18. Market power analysis in the EEX electricity market : an agent-based simulation approach.

    SciTech Connect (OSTI)

    Wang, J.; Botterud, A.; Conzelmann, G.; Koritarov, V.; Decision and Information Sciences

    2008-01-01

    In this paper, an agent-based modeling and simulation (ABMS) approach is used to model the German wholesale electricity market. The spot market prices in the European Energy Exchange (EEX) are studied as the wholesale market prices. Each participant in the market is modeled as an individual rationality-bounded agent whose objective is to maximize its own profit. By simulating the market clearing process, the interaction among agents is captured. The market clearing price formed by agentspsila production cost bidding is regarded as the reference marginal cost. The gap between the marginal cost and the real market price is measured as an indicator of possible market power exertion. Various bidding strategies such as physical withholding and economic withholding can be simulated to represent strategic bidding behaviors of the market participants. The preliminary simulation results show that some generation companies (GenCos) are in the position of exerting market power by strategic bidding.

  19. Crude Glycerol as Cost-Effective Fuel for Combined Heat and Power to

    Office of Scientific and Technical Information (OSTI)

    Replace Fossil Fuels, Final Technical Report (Technical Report) | SciTech Connect Crude Glycerol as Cost-Effective Fuel for Combined Heat and Power to Replace Fossil Fuels, Final Technical Report Citation Details In-Document Search Title: Crude Glycerol as Cost-Effective Fuel for Combined Heat and Power to Replace Fossil Fuels, Final Technical Report The primary objectives of this work can be summed into two major categories. Firstly, the fundamentals of the combustion of glycerol (in both a

  20. Evolution of Wholesale Electricity Market Design with Increasing Levels of Renewable Generation

    Broader source: All U.S. Department of Energy (DOE) Office Webpages (Extended Search)

    Evolution of Wholesale Electricity Market Design with Increasing Levels of Renewable Generation E. Ela, 1 M. Milligan, 1 A. Bloom, 1 A. Botterud, 2 A. Townsend, 1 and T. Levin 2 1 National Renewable Energy Laboratory 2 Argonne National Laboratory Technical Report NREL/TP-5D00-61765 September 2014 NREL is a national laboratory of the U.S. Department of Energy Office of Energy Efficiency & Renewable Energy Operated by the Alliance for Sustainable Energy, LLC This report is available at no cost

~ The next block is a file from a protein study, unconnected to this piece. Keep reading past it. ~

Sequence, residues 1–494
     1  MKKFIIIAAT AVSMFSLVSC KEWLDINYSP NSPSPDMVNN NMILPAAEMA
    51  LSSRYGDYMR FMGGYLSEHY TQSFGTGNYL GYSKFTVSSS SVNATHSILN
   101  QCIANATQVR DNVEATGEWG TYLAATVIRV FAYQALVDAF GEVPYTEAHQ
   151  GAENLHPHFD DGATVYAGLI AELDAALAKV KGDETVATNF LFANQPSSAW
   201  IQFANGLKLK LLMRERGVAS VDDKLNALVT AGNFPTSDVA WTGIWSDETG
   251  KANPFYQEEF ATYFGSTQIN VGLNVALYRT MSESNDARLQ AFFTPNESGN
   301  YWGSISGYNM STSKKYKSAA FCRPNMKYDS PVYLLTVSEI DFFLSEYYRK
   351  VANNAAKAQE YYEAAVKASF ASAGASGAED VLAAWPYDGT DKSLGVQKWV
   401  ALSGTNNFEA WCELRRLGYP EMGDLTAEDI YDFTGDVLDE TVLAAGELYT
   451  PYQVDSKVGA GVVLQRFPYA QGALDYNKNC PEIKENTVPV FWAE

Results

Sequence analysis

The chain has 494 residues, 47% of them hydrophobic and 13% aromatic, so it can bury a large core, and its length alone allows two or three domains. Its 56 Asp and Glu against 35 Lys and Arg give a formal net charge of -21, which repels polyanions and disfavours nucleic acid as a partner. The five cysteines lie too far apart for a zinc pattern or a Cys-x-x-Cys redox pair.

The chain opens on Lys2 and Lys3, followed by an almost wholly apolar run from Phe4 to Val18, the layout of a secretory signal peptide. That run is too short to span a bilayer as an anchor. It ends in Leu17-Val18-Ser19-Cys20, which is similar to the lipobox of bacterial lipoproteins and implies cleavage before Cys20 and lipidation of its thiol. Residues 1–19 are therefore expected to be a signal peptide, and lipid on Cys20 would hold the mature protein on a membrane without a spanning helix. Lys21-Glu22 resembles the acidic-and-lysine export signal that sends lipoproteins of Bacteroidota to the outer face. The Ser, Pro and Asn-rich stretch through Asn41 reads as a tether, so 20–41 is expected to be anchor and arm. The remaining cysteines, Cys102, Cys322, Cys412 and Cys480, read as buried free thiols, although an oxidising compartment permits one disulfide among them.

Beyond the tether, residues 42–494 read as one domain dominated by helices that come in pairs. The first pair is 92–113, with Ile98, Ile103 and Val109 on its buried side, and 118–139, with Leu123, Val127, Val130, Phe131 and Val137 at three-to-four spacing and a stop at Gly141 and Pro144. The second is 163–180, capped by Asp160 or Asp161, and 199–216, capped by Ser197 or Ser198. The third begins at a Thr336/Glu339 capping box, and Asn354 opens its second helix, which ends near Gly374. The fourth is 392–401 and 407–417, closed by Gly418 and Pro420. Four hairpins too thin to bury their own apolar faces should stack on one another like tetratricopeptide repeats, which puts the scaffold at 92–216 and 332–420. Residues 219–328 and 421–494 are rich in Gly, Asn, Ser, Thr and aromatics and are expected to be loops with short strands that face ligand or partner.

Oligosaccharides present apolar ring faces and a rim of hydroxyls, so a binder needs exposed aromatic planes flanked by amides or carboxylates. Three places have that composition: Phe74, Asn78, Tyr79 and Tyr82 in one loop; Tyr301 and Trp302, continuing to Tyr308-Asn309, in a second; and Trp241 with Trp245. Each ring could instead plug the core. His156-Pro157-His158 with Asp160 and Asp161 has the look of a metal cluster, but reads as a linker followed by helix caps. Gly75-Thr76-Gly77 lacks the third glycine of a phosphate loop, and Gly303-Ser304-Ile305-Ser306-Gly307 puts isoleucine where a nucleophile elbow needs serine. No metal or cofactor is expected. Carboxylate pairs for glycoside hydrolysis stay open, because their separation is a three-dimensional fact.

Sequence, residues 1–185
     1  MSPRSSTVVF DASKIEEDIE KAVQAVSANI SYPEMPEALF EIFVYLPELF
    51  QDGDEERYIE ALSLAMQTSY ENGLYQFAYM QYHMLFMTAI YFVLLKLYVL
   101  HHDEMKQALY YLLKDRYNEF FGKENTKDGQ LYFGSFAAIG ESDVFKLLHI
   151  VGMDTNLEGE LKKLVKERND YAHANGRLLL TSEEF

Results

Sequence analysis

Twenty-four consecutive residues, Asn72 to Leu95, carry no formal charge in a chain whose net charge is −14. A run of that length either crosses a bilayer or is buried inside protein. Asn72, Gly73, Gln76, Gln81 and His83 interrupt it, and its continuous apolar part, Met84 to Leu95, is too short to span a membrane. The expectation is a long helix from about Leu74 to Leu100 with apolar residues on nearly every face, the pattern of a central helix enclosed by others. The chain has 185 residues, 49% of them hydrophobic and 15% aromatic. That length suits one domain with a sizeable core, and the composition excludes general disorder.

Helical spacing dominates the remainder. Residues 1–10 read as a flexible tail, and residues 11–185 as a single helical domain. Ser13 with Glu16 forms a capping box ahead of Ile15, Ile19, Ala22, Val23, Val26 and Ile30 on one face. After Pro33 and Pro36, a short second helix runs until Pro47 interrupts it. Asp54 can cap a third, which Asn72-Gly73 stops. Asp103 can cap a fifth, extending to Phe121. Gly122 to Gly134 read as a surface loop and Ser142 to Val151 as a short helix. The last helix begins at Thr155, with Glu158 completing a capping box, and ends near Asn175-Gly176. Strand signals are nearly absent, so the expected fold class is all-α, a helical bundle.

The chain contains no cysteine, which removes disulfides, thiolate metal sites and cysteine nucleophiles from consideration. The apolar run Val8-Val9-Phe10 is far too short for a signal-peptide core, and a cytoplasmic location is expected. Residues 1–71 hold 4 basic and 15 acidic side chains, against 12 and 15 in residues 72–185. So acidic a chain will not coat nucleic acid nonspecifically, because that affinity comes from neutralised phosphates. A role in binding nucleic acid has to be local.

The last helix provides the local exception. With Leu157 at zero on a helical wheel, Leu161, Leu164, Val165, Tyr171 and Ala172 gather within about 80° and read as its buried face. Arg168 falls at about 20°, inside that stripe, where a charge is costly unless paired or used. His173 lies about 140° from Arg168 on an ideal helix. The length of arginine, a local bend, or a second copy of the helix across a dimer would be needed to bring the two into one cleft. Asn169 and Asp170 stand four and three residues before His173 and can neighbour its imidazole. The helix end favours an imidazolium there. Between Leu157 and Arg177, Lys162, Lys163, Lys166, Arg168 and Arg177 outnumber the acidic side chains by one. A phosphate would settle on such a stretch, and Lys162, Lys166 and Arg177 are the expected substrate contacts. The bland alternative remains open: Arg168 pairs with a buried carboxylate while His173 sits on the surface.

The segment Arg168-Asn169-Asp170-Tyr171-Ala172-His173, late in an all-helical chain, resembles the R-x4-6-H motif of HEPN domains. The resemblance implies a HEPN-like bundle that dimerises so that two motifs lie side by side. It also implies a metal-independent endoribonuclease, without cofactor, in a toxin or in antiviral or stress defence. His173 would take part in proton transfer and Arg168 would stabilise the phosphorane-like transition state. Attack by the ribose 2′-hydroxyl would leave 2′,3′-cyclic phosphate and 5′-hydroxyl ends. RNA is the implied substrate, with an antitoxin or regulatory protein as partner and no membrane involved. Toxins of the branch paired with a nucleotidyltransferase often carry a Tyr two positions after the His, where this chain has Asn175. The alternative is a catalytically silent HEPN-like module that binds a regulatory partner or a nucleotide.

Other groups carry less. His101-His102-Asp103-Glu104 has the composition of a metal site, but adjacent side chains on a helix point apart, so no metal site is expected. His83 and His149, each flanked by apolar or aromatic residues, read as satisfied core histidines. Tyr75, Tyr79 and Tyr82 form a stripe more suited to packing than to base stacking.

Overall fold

1. Power plant capital investment cost estimates: current trends and sensitivity to economic parameters

    SciTech Connect (OSTI)

    Not Available

    1980-06-01

    This report describes power plant capital investment cost studies that were carried out as part of the activities of the Plans and Analysis Division, Office of Nuclear Energy Programs, US Department of Energy. The activities include investment cost studies prepared by an architect-engineer, including trends, effects of environmental and safety requirements, and construction schedules. A computer code used to prepare capital investment cost estimates under varying economic conditions is described, and application of this code is demonstrated by sensitivity studies.

  2. Wind Power Impacts on Electric Power System Operating Costs: Summary and Perspective on Work to Date; Preprint

    SciTech Connect (OSTI)

    Smith, J. C.; DeMeo, E. A.; Parsons, B.; Milligan, M.

    2004-03-01

    Electric utility system planners and operators are concerned that variations in wind plant output may increase the operating costs of the system. This concern arises because the system must maintain an instantaneous balance between the aggregate demand for electric power and the total power generated by all power plants feeding the system. This is a highly sophisticated task that utility operators and automatic controls perform routinely, based on well-known operating characteristics for conventional power plants and a great deal of experience accumulated over many years. System operators are concerned that variations in wind plant output will force the conventional power plants to provide compensating variations to maintain system balance, thus causing the conventional power plants to deviate from operating points chosen to minimize the total cost of operating the system. The operators' concerns are compounded by the fact that conventional power plants are generally under their control and thus are dispatchable, whereas wind plants are controlled instead by nature. Although these are valid concerns, the key issue is not whether a system with a significant amount of wind capacity can be operated reliably, but rather to what extent the system operating costs are increased by the variability of the wind.

  3. Technology, safety and costs of decommissioning a reference boiling water reactor power station: Comparison of two decommissioning cost estimates developed for the same commercial nuclear reactor power station

    SciTech Connect (OSTI)

    Konzek, G.J.; Smith, R.I. )

    1990-12-01